Graeme Newell

The Halo Effect

The HALO EFFECT is our brain’s little shortcut for efficiently remembering the zillions of people who parade through our lives. Unfortunately, all our brains are inherently lazy. So when our overtaxed cranium evaluates new people, it isn’t really looking for a nuanced profile of that person. Our brain prefers a mere top-line analysis so that it can get back to binge watching cat videos.

So when our brain starts categorizing a new person, it franticly looks to find a single overarching trait that it can use as a pervasive label. For example:

He’s a jerk.
She’s a genius.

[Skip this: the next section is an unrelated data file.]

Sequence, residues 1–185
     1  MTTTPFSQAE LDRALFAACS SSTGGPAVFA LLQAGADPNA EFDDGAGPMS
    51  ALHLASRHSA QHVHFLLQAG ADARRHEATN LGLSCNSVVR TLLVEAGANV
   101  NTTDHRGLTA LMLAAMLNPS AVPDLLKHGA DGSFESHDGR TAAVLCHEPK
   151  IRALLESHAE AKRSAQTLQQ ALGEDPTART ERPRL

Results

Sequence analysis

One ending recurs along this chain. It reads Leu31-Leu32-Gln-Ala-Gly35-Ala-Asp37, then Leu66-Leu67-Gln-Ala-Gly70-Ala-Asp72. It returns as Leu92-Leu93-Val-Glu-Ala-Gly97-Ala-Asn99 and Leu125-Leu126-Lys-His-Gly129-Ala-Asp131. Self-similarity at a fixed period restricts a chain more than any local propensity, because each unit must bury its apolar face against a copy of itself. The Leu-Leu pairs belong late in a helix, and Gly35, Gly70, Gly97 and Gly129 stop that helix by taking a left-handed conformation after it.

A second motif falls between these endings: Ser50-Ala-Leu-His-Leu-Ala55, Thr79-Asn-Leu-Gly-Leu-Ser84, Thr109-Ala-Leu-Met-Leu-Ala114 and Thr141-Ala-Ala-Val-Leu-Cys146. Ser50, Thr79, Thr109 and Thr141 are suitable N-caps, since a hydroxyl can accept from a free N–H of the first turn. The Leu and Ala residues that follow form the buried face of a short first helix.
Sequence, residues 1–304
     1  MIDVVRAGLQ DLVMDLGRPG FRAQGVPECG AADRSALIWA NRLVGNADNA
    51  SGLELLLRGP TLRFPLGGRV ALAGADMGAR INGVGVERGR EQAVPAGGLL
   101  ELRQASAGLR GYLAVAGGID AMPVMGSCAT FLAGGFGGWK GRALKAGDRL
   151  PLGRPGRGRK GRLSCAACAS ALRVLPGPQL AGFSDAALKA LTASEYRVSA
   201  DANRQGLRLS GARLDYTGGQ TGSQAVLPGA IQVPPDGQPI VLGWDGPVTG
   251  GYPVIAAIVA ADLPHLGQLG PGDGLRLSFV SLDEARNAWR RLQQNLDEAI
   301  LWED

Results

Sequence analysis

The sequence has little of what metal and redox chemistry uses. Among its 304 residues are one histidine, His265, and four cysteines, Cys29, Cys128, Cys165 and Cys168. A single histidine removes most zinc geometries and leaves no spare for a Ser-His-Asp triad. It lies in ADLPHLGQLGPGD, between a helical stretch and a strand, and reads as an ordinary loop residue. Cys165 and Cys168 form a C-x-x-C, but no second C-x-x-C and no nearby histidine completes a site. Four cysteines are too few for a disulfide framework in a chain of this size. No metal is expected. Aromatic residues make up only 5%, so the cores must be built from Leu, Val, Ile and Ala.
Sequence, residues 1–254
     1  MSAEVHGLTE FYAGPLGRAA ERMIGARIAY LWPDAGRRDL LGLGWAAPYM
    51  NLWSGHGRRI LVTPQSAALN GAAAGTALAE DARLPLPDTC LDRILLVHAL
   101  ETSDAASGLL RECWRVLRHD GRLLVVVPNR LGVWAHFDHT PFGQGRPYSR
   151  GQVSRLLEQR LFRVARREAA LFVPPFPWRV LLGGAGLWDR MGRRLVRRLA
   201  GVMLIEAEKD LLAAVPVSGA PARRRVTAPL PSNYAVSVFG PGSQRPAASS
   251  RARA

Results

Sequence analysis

He’s anti-social.

Our love of stereotyping lures us to go ALL IN or ALL OUT on other people’s abilities. For example, “She’s FANTASTIC at everything,” or “He’s TERRIBLE at everything.”

This is why we often believe that someone who’s good at one thing is equally skilled at completely unrelated things:

“She’s a great dancer, therefore she must be meticulous.” No, she may just be naturally coordinated.

“He’s a kind father so he must be an ethical person.” No, loving one’s children does not make them ethical.

So how can you beat the HALO EFFECT? The secret is to purposefully balance out your summary judgments.

So if you admire someone, don’t whitewash their entire personality with good. Purposefully identify negative traits. For example:

“She’s so charming, but she lacks focus and is unreliable.”

Got someone you hate? Intentionally find good traits:

“He’s really shallow, but I can’t deny he’s a hard worker.”

Actively seeking out a balanced identity is the secret to avoiding the HALO EFFECT.